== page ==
It’s Not the Winning that Matters, but the Baking Part that Counts

Summer-league
Illustration credit: Grace Sim (www.swimbikerunart.co.uk)

Fliss issues an urgent call to action just in time for Summer League’s first official bake-off.

Are you kidding me? It’s a freezing snowy Saturday in mid-March (also known as British Spring time) and I’ve just been asked if I’d write an article about the Summer League…. Summer League – did I mention it was snowing?

No. No one was kidding.

So here I am, under blankets next to a radiator in March writing about the virtues of the Summer League.

The Summer League has one main feature that attracts most runners, and a single purpose that comes in above all others. This purpose (the one above all others) encompasses pride, competition, prestige, honour; it’s a way of life; it’s club defining. This purpose that is above all others: after-race cake.

Useful Technical Info Section*

The Summer League is an inter-club series of races held from June through to August. There are five races, each hosted by a different club. These races are approximately 10k (sometimes 5 miles, weirdly) and run roughly every other Sunday throughout the summer – when I say run roughly, obviously I’m not judging anyone’s running technique. What I mean is the weekends these “races” are hosted may not always be every two weeks. Members from participating clubs rock up to the “race”, which usually starts at 9:30 or 10:00 am (admittedly a downside; if Saturday is busy, the last vestige of sleep is cruelly snatched from your grasp before the joy of Monday morning rolling round once again). Moving on….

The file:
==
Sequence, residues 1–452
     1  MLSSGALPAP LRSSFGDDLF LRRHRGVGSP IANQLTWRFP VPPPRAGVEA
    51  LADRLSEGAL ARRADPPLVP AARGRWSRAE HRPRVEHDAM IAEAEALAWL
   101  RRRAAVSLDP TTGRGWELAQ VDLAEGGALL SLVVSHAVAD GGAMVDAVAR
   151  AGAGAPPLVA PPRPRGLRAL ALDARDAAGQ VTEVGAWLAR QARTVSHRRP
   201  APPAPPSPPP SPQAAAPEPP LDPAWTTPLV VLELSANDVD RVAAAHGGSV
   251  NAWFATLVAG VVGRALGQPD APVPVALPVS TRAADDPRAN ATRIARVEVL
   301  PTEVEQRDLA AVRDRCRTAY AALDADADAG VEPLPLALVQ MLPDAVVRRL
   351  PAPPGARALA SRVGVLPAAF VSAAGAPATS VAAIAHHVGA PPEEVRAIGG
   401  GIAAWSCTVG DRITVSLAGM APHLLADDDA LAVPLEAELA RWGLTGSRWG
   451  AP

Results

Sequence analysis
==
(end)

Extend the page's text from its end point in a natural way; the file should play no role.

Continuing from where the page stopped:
You arrive at the designated host club’s park and find where the start of the race is. I’d advise meandering towards the middle of the park and keeping a keen eye out for the club flags (depending on your meandering speed, you’ll need to allow time for this and railway engineering works – it will be Sunday, after all). Once you spot your club flag, you have to hone in and go gather with your tribe. You need to be wearing your club running top, so you’ll fit right in. This saves on any “what shall I wear” decision-making to be done (minimising the amount of time needed in the morning and slightly alleviating the lack of sleep issue outlined above).

Once you’ve found and gathered with your tribe, you dump your bag in the middle of the grass randomly with everyone else’s and sign in, which means you find the person from your club wandering around with a clipboard and they’ll note down your name and date of birth. After all this you’re ready. Ok, so you may want to warm up, set your watch, visualise the course, stealthily check out the competition, but probably not, so you can instead use the time to just chat to other members of your tribe wearing a matching top – nice.